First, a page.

Custody and Access

Women remain the primary caregivers of children. Women are more likely to abandon professional and economic benefits in order to facilitate that relationship. When they separate or divorce, women are far more likely to end up in poverty than their former male partners. Women are often victims of spousal violence or abuse. Yet the legal system often ignores this reality. And without access to Legal Aid, women are unable to assert the rights that they do have.

Custody and Access Law Reform 1997- 2002

The federal government began a review of custody and access law in 1997. A Special Joint Committee on Child Custody and Access released its report, “For the Sake of the Children”, in December 1998.

Since the release of the 1998 Report, NAWL and other women’s equality-seeking organizations have been actively involved in the legislative reform process.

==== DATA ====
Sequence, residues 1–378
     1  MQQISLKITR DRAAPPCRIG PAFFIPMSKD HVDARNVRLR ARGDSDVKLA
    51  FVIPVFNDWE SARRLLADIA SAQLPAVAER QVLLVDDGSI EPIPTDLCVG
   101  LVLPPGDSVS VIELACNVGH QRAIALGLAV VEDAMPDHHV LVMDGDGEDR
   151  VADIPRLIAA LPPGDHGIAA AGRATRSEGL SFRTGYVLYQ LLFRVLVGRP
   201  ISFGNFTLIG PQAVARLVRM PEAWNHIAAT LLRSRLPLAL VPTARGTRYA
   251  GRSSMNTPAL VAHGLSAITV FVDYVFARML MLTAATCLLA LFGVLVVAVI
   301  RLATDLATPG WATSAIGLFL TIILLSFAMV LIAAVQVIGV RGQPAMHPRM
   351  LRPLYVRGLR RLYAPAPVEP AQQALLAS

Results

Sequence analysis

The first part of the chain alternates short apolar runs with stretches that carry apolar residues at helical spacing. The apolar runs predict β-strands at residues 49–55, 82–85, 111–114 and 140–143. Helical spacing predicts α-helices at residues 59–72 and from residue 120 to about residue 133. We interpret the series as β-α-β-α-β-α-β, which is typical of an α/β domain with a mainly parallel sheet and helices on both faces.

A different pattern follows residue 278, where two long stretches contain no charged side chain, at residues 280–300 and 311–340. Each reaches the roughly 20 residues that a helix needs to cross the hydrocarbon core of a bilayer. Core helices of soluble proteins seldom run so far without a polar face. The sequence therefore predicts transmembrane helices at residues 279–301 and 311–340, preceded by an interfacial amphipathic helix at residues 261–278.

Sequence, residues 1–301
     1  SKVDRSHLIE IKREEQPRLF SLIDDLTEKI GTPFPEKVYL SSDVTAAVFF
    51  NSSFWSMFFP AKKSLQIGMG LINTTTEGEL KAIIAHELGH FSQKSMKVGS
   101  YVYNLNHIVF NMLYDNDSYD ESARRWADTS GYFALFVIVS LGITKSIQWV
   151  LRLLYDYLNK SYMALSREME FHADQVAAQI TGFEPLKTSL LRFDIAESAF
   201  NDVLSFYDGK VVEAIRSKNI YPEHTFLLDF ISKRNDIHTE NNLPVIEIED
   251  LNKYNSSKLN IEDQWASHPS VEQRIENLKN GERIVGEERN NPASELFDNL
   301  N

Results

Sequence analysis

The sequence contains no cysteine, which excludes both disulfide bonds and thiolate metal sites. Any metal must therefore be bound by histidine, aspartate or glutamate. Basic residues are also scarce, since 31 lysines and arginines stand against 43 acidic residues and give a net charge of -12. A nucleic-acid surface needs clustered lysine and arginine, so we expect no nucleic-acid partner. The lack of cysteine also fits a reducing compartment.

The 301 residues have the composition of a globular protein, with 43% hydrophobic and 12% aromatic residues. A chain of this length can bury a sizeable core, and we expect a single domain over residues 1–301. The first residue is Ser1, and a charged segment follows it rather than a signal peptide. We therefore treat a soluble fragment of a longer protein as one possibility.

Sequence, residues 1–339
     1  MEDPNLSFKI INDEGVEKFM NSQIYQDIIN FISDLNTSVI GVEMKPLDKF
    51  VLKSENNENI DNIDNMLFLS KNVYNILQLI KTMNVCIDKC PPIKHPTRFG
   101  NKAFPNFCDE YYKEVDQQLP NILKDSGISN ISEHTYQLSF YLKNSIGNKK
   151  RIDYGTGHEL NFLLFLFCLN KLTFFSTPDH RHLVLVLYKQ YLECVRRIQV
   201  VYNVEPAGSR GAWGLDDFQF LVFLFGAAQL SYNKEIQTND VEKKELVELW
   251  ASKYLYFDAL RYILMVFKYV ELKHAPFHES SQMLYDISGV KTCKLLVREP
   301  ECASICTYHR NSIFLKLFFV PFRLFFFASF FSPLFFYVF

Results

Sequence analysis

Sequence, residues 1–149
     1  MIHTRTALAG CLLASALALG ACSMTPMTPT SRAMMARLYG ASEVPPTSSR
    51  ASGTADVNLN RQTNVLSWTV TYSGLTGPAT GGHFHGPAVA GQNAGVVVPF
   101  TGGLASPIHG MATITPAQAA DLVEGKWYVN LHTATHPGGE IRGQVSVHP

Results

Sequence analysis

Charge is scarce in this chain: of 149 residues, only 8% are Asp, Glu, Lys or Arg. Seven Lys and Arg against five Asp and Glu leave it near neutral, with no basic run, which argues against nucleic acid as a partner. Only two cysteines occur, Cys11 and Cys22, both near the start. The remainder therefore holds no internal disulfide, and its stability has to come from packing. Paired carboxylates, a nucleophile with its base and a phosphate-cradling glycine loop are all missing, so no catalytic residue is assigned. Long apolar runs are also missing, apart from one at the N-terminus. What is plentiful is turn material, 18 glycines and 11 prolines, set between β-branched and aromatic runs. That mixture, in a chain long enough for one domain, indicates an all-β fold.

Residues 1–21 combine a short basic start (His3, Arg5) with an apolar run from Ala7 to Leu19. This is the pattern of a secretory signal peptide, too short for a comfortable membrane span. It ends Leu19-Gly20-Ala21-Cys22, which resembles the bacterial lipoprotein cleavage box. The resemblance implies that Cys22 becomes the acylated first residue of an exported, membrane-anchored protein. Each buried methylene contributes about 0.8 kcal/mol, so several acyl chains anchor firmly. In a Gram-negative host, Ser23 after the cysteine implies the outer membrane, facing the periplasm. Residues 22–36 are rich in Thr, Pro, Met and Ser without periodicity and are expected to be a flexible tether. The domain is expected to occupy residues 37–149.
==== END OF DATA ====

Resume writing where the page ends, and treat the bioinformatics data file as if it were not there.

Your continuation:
Bill C-22, An Act to Amend the Divorce Act, was introduced in December 2002. In the end, Bill C-22 died on the Order Paper in November 2003 and has not been re-introduced since

NAWL’s Briefs on Custody and Access

On a practical level, the issue of custody and access is often closely linked to that of child support. The 40% rule has proven especially problematic.

The 40% rule states that the Federal Guidelines amount of support does not apply to any parent who has custody of the children at least 40% of the time. This has led to abuse by men who seek to evade their child support responsibilities by fighting for joint custody of their children. The “fathers’ rights” lobby has mobilized in favour of a presumption of shared parenting.

The 40% rule is just one of the many issues of concern with current custody and access law

Open Letters on Custody and Access

Jurisfemme Articles on Family Law